Saw mandrel or arbor
The mandrel upon which the saw is hung must be level. One way to check the arbor is to place a level on the shaft. (A grooved machinist's level is self-centering and works well for this purpose.) Another method is to use a plumb line from the top of the saw and hanging beneath the bottom of the saw. The line should be as close to the collar as possible (Figure 2). When necessary, place shims under the bearings to level the mandrel.
Mandrel bearings should be in excellent condition so that the mandrel runs steady and true with little vibration or end play. Bearings should run cool because the mandrel and collars readily transmit heat generated by bearings to the eye of the saw. Heat near the center of the saw expands the metal and causes the saw to dish and run erratically in the cut.
Saw collars and lug pins
The basic functions of saw collars and lug pins are to hold the saw securely on the mandrel and to provide support for the saw blade. The center hole of the saw, the eye, should fit the mandrel perfectly. If the eye is too large, the saw will hang off center as it hangs on the mandrel. If the eye is too tight, the saw may be dished when the mandrel nut is tightened. Pin holes may be larger than pins, but before tightening the mandrel nut, turn the saw until the lug pins bear firmly on the pin holes in the saw.
Collar trouble is one of the most common causes of saw trouble. Defective collars can cause a properly tensioned and sharpened saw to operate poorly. Machine the collars so that they contact the saw blade only along the outer perimeter in a zone approximately 3/4 inch wide. The center of the collar should be recessed to clear the saw (Figure 3), and the bearing edge. The taper is slight (0.002 to 0.003 inch from the outer portion of the 3/4-inch bearing surface to the inner portion). When the mandrel nut is properly tightened, the clearance will be reduced and the entire bearing surface will contact the saw. Always use a mandrel nut wrench and exercise care to prevent over-tightening, which may spring perfectly ground collars.
A simple method for checking the effect of collars on the saw is:
- Loosen mandrel nut until saw is free and re-tighten by hand.
- Set guide pins so that there is approximately 1/16 inch clearance on each side of saw.
- Tighten the mandrel nut in the usual manner (without turning the saw).
- Check the clearance between the guide pins and saw.
If the saw is closer to one guide pin than the other the saw has been dished in the process of tightening the collars. The most probable cause of such dishing is faulty collars, which should be repaired or replaced. As a further check, turn the saw over and place it on the arbor backward. With the same point of the saw between the guide pins, repeat the four steps above. If the saw still moves toward the same guide pin on tightening, the collars are certainly defective. If reversing the saw pushes toward the opposite guide pin, there is probably a lump on the saw where the collar contacts it and the saw should be leveled and re-tensioned.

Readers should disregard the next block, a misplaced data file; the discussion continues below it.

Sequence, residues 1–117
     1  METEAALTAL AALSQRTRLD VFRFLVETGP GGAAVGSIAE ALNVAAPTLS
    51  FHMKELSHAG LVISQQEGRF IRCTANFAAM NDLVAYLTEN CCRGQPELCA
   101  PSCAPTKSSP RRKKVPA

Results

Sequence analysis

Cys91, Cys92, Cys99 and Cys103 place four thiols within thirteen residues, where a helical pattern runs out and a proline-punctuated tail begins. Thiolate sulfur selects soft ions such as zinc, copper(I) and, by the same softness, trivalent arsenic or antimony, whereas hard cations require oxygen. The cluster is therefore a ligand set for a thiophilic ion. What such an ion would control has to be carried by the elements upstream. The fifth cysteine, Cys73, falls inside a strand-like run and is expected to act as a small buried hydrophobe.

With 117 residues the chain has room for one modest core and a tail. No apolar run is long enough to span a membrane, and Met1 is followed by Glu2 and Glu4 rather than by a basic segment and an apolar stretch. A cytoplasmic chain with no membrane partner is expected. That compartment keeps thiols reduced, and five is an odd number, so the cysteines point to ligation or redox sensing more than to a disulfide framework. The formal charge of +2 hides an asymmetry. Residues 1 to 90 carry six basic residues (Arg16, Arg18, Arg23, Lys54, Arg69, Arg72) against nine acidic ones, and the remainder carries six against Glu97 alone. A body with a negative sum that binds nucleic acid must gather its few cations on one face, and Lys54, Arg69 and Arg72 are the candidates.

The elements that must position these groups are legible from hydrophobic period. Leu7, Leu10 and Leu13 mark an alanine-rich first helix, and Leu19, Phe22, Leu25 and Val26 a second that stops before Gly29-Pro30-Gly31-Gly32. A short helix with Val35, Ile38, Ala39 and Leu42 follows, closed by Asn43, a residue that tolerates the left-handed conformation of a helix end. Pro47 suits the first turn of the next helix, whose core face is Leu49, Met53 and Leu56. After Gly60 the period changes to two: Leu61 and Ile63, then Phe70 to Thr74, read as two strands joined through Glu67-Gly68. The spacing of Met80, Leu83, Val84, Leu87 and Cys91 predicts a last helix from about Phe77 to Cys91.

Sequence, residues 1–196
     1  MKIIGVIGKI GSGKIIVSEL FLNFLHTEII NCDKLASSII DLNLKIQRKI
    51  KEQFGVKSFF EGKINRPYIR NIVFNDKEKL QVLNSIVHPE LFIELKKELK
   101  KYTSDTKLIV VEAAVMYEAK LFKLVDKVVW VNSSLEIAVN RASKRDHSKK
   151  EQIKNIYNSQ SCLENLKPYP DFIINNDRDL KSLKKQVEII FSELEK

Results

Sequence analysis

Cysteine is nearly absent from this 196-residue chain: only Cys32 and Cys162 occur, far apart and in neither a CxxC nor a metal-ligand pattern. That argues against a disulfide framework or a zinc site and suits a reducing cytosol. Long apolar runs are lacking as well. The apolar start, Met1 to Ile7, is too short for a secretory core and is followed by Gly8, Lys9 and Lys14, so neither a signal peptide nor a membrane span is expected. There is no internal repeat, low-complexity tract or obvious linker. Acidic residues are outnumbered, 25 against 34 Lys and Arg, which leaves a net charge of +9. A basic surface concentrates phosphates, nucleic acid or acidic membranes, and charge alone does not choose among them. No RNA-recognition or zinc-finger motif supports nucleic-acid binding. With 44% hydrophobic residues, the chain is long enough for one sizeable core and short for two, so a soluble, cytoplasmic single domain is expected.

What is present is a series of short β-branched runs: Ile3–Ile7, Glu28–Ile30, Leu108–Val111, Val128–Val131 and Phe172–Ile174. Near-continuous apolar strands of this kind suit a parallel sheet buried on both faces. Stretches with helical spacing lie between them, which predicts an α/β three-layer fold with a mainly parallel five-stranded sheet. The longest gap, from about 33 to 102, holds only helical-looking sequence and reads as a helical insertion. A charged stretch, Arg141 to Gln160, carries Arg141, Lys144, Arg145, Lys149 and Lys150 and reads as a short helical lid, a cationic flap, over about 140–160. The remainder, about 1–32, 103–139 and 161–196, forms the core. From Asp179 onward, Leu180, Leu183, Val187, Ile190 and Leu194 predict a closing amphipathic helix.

Lead is the term used to describe how much the saw angles into the log from the saw line. Because of the round contour of logs, the saw teeth on cuts are making a deeper cut on the log side than on the slab side. Therefore, the log side of the teeth usually become dull more quickly. Also, because of the heavier cut on the log side, the saw takes the path of least resistance and moves out of the log. To overcome these two factors and to give clearance to the back of the saw on the carriage return, the saw should be led slightly into the log. The correct lead is 1/8 inch in 20 feet, but for convenience in checking, 1/32 inch across the diameter of the saw is sufficient for most mills (Figure 4).
To check the saw lead, follow these steps:
- Move the carriage until one of the headblocks is opposite the cutting edge of the saw.
- Place a pointer on the headblock so it just contacts the saw, and clamp it securely in place with a "C" clamp.
- Move the carriage forward until the pointer is opposite the back edge of the saw.
- Rotate the saw until the same tooth is opposite the pointer.
At this point, there should be 1/32-inch gap between the saw tooth and pointer. To adjust lead, loosen all mandrel boxes and move the saw end of the mandrel either left or right. Recheck lead after mandrel boxes are tightened. Never attempt to change the lead by adjusting guide pins or filing the saw teeth unevenly.
This method of determining lead is only an approximate method. Seldom do two saws operate best with the same lead, but with a little experimenting, you can determine the correct lead for a saw blade. If the saw heats in the center, it needs more lead into the log. If it heats on the rim, reduce lead. Lead is a necessary evil, and the least lead that can be used is best.
The saw guide serves to steady the saw in the cut. Hence, guides should be as high as possible without interfering with the cut. Guide pins should clear the bottom of the shanks by approximately 1/4 inch and should be positioned so that they are as close to the saw blade as possible without rubbing. Make final adjustments of the guide pins while the saw is running at full speed. Be careful!
If you carefully check and adjust all alignments of the saw, track, and carriage, the mill will produce perfectly sized lumber and will operate faster and more efficiently. You can catch many minor problems before they become major breakdowns during a daily inspection.
G5600, reviewed October 1993